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I'm curious about how this works. According to https://www.amr.net/solutions/federal-disaster-response-team/recent-emergency-responses, AMR's teams have been to several disasters. For example,

Fast Facts: California Wildfires
  • Deployed October 12 – October 19, 2017
  • FEMA contracted EMS in the state of California
  • 114 ground ambulances deployed (75% ALS, 25% BLS)
  • 15 paratransit vehicles deployed

Does this mean that AMR provided 114 ground ambulances? Or they subcontracted to get 114 ambulances to local companies, and took credit for all the crews hard work?
Could be a mix. AMR has several depots of deployment spread around the country and they will fly folks from operations everywhere to staff them. Subcontractors drive their units to the incident. I don't know if you call it "taking credit," we are very aware that we are an AMR subcontractor on these events.

If AMR couldn't do it all themselves (and I don't think anyone else could have without subcontracting either), and still got the contract, what would stop "drparasite's disaster EMS service" from getting the contract next year, and subcontracting it to local systems (as well as to AMR)?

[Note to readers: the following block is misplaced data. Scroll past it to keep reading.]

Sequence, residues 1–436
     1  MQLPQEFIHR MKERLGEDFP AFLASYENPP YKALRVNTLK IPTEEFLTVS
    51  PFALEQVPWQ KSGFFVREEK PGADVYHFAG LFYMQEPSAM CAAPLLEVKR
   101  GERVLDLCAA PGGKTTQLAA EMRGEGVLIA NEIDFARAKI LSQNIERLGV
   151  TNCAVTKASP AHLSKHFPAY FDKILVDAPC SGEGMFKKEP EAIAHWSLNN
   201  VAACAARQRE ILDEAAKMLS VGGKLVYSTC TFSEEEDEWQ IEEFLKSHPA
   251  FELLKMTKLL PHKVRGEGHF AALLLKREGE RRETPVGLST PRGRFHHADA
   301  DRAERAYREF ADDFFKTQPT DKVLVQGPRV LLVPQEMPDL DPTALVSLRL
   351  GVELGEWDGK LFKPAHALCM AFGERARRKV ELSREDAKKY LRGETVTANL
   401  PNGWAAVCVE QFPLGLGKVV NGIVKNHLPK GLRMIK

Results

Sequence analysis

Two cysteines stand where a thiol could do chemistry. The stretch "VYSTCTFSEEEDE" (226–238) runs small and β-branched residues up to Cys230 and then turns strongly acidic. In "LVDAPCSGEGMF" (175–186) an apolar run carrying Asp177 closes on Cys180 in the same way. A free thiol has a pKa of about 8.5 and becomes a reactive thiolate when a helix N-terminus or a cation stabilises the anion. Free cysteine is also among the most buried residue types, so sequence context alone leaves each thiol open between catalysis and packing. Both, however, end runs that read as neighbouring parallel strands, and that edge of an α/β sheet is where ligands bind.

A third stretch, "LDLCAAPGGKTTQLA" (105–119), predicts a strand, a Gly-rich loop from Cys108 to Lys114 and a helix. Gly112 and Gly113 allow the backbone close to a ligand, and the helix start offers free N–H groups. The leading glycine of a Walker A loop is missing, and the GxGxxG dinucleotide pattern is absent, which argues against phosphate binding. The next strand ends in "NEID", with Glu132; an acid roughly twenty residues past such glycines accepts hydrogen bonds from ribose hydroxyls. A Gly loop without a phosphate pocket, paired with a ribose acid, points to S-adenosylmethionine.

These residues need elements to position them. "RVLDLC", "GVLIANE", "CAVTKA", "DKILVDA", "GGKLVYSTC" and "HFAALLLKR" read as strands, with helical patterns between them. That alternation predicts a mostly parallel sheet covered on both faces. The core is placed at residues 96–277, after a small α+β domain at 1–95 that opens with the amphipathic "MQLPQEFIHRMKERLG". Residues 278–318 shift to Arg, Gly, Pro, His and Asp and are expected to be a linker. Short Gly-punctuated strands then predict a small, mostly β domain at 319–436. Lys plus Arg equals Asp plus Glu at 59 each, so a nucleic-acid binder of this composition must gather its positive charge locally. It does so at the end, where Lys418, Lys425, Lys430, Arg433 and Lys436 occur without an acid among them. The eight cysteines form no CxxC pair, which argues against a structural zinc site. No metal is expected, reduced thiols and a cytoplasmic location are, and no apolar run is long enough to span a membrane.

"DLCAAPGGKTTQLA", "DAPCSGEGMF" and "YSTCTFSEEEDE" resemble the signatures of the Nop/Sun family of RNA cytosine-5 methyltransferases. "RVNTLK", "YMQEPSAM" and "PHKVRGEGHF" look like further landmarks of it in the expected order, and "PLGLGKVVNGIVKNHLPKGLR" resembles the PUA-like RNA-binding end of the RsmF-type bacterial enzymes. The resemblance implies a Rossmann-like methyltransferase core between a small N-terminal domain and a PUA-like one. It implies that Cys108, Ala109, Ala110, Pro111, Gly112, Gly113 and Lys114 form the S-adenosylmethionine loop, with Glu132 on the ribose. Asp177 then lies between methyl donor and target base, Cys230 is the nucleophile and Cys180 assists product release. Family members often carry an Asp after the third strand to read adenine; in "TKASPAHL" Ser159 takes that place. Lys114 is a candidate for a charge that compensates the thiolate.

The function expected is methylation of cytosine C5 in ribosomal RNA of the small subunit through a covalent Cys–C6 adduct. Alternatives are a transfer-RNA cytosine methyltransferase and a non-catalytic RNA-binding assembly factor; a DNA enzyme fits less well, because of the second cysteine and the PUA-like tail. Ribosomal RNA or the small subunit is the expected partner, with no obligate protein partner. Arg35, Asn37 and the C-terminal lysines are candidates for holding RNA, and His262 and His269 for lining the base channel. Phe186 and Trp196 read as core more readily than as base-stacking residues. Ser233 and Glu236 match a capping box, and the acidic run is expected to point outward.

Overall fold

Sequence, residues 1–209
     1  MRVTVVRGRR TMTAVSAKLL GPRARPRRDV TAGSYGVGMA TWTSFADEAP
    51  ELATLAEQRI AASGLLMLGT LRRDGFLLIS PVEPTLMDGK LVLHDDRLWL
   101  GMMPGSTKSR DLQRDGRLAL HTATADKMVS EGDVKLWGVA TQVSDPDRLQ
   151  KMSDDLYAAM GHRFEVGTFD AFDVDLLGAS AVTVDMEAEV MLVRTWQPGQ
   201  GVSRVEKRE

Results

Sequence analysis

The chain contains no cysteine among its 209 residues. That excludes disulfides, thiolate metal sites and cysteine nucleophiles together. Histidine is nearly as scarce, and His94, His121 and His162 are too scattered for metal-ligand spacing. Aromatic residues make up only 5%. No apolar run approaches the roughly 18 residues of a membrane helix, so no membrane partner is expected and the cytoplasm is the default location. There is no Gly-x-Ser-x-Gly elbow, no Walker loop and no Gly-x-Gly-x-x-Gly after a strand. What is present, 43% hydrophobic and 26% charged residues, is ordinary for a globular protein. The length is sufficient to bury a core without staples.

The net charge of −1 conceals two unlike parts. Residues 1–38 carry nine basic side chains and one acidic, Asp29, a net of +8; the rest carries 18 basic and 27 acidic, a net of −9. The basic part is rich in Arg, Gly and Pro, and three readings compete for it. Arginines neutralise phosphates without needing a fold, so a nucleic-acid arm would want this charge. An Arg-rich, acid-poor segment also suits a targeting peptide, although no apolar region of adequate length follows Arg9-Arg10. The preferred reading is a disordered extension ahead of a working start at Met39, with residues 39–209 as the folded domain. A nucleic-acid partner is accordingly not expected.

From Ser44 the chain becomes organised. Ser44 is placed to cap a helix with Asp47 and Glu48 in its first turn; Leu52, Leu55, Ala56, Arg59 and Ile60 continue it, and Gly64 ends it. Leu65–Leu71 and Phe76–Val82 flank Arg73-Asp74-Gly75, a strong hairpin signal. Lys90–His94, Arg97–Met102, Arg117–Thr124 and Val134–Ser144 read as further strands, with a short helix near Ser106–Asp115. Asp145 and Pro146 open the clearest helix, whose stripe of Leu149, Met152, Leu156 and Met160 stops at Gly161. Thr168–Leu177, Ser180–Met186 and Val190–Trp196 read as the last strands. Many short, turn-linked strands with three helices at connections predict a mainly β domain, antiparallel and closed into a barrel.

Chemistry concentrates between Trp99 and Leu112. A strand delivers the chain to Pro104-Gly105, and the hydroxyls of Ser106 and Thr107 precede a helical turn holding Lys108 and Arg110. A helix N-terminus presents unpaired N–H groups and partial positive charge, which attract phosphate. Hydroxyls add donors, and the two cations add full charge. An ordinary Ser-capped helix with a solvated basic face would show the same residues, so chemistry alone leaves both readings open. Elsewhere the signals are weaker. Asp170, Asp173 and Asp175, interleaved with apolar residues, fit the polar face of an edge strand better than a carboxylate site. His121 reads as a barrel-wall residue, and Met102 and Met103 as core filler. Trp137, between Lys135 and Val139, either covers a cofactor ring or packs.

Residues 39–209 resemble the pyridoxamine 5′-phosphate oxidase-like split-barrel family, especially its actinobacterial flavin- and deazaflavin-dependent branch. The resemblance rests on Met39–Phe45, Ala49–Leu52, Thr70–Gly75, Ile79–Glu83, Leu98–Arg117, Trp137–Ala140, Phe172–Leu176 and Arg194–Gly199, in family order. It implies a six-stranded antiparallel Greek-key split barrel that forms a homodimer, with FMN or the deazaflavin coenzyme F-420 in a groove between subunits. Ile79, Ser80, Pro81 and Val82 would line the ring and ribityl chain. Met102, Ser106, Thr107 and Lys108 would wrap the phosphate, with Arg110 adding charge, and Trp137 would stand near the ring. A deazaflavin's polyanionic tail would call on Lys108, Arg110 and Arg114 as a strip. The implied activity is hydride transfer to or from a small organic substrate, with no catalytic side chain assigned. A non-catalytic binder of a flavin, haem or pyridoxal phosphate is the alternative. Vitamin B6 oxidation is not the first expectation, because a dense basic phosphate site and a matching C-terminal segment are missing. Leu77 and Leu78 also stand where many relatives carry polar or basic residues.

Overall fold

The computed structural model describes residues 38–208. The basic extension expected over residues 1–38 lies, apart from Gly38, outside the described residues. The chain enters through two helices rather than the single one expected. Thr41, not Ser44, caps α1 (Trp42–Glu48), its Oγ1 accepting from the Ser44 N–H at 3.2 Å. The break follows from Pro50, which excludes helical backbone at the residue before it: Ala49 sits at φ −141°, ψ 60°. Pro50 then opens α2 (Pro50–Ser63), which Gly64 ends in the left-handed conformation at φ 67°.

I'm not sure any company has the ability to rapidly move resources around like AMR does. Yes they subcontract, but the majority of the crews come from AMR and they can get them there a lot faster. If you relied on subcontractors exclusively, you'd have drive time to the incident which could be extensive. It'll take my agency a long time to get to Florida. Meanwhile if you are on AMR's DRT, they call and give you a few hours notice to be at base and head to the airport.

Do crews get paid based on FEMA set salaries, their company's salary rates, their company's OT rates, AMR's payrates, or does AMR get paid a set amount from fema, they take a cut and then give the rest to the ambulance company? Do volunteer EMS personnel get paid when they are deployed? Are they paid from departure to return, or just during their 12 hour operational period?